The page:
Clarksville Rep. Mark Green wants another term in Congress to affirm his commitment to values he sees as integral to his District 7 constituents.
“Tennesseans want freedom, they want to be left alone, they want government out of their lives,” Green said in a phone interview between informal campaign events.
Born in Jacksonville, Florida and raised in Mississippi, Green, 55, attended West Point and served in the military. In his early 30s, he made the decision to attend medical school at Wright State University.
After years spent working in civil service, College Grove Democrat Kiran Sreepada wants to apply some of the same commonsense principles he le…
He became an Army physician and served during the Afghanistan and Iraq conflicts. Green later founded Align MD, a hospital staffing company.
He was elected to the Tennessee Senate in 2012 before winning a U.S. Congress seat in 2018.
Coming off his first term, Green said serving in Washington, D.C. has been “enlightening,” mainly because of the difficulty he has seen and felt in Republican bills getting past Democratic leadership.
For example, he cited a bill he authored in 2019 that would help struggling rural hospitals, a problem which has hit Tennessee particularly hard. Even with Democratic co-sponsors, Green said House Speaker Nancy Pelosi hasn’t allowed it to be heard in committee.
“Even really good ideas, they won’t let us pass those bills,” he said. “I think Pelosi has frustrated a lot of Democrats, too.”
Green said he’s not sure Pelosi can win another re-election as House Speaker, and he’s hopeful that her removal from that position would allow his bills greater support among Congress.
To voters, he pointed to several of his congressional accomplishments, which are nonpartisan in nature and related to his military background.
Green was the author of a bill that passed unanimously to redesign intelligence gathering for U.S. security agencies. He also helped form an oversight committee to look into soldier suicides, focusing on those who self-identify as religious to ensure they have access to supportive spiritual resources, like chaplains and worship services.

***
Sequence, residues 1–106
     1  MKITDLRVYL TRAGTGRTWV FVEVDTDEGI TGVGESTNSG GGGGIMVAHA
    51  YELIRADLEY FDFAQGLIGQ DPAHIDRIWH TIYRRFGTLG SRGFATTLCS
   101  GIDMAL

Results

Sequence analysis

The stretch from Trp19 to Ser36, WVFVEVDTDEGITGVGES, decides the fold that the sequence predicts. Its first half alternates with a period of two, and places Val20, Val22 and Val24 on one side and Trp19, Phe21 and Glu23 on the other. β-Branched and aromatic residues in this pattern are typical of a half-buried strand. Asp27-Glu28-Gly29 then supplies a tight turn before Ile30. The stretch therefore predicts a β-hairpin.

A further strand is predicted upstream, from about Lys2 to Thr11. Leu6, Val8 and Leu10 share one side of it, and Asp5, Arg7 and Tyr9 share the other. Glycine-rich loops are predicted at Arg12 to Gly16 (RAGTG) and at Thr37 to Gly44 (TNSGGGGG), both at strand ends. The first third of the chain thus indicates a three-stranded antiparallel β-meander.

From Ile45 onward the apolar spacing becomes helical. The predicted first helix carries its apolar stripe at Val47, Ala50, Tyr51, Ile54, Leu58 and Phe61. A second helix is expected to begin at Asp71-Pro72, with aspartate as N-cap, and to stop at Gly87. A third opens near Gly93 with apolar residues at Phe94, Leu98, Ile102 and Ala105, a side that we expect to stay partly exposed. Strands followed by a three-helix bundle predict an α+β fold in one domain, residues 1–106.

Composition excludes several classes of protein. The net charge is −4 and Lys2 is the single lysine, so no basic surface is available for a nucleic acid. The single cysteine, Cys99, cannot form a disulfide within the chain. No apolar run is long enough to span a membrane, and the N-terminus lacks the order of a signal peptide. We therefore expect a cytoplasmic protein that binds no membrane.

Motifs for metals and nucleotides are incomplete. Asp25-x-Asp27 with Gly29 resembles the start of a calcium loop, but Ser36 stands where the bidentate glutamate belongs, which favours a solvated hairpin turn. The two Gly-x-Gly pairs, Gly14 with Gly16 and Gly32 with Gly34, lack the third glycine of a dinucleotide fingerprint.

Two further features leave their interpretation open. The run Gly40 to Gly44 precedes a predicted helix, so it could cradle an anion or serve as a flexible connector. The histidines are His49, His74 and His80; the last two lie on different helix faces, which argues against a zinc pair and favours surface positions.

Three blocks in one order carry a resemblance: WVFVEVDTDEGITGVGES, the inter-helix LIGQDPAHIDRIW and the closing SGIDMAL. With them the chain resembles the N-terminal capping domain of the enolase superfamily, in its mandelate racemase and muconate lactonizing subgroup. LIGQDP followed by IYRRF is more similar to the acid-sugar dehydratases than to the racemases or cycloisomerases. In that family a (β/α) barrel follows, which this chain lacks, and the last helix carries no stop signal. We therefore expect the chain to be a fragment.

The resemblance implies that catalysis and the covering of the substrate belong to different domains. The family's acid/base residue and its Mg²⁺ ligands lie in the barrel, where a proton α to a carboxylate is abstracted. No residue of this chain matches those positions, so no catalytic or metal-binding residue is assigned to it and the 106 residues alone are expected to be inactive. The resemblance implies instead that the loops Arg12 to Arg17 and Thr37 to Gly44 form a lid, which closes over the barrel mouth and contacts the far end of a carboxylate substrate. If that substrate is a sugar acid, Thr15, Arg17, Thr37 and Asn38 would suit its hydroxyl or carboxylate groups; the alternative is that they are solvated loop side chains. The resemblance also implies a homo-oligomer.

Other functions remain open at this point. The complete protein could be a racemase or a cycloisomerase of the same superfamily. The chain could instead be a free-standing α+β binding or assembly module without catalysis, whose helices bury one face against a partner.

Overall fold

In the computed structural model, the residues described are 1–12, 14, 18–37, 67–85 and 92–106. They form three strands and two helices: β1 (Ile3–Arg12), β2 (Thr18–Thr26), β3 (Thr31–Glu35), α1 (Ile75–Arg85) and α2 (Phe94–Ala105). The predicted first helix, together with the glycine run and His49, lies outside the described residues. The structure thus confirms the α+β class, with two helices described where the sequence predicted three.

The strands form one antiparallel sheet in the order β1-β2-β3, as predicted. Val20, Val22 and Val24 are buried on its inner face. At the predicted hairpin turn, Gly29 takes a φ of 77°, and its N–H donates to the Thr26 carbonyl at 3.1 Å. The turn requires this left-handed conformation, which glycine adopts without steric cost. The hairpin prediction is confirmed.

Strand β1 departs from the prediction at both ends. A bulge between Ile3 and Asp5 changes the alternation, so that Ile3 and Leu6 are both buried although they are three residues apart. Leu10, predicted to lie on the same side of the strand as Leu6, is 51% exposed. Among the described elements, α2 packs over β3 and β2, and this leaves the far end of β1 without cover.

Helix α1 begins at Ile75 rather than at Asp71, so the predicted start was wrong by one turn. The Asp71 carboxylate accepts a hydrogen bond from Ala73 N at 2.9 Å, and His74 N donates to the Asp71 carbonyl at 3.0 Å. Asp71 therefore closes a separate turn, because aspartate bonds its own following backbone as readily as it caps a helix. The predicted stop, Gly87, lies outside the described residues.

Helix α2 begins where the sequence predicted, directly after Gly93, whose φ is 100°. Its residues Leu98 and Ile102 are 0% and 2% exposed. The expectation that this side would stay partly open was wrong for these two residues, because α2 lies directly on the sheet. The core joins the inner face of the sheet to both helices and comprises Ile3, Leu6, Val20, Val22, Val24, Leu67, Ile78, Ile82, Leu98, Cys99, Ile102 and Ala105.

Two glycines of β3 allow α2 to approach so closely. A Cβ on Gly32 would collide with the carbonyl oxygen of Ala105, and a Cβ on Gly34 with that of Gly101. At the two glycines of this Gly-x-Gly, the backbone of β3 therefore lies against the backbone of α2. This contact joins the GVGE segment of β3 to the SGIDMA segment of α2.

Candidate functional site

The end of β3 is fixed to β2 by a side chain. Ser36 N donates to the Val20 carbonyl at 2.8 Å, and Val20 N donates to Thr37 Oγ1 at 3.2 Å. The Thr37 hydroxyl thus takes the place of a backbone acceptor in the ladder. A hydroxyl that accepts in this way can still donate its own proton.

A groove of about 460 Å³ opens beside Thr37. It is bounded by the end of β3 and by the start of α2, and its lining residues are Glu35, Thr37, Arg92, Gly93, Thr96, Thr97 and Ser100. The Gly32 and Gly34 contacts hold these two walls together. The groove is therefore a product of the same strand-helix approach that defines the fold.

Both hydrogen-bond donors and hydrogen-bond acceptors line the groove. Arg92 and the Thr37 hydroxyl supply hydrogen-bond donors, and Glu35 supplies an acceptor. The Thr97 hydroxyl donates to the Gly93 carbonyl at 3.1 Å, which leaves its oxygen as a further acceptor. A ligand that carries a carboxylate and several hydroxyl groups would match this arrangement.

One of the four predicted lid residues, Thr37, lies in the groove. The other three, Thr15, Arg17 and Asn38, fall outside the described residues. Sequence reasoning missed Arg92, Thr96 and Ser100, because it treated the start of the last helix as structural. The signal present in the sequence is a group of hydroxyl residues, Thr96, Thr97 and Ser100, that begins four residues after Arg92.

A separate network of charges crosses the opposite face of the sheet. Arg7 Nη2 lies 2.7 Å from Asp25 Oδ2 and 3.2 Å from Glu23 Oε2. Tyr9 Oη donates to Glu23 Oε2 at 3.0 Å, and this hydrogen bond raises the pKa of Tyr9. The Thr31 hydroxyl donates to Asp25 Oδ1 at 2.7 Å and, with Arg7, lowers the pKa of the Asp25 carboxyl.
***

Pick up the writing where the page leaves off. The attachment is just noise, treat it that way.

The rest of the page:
An amendment he wrote merged with another to help fix an issue in which military Gold Star spouses and children were sometimes mistakenly taxed on their benefits.
If elected to another term, Green said he wants to continue focusing on the theme he keeps hearing from his constituents: less government spending and greater efficiency.
“People are still wedded to those principles of small government,” he said.
As a doctor, Green said he’s especially committed to getting bills passed to help improve the environment for rural hospitals in the state.
He wants to hold China accountable for their response to the coronavirus pandemic, as well as work to restore manufacturing jobs to the United States.
“Something the Democrats have really ignored is this incredible competition between us and China,” Green said.
He pointed to a data modeling study from Columbia University that showed a large percentage of coronavirus deaths in the U.S. could have been avoided if social distancing measures had been adopted sooner — “had they told us three weeks sooner,” Green said.
Green, who is president of the freshman class of Republican congressmen, said he currently has no plans to run for another office, though he would consider it.
“I love Tennessee,” he said. “I really do.”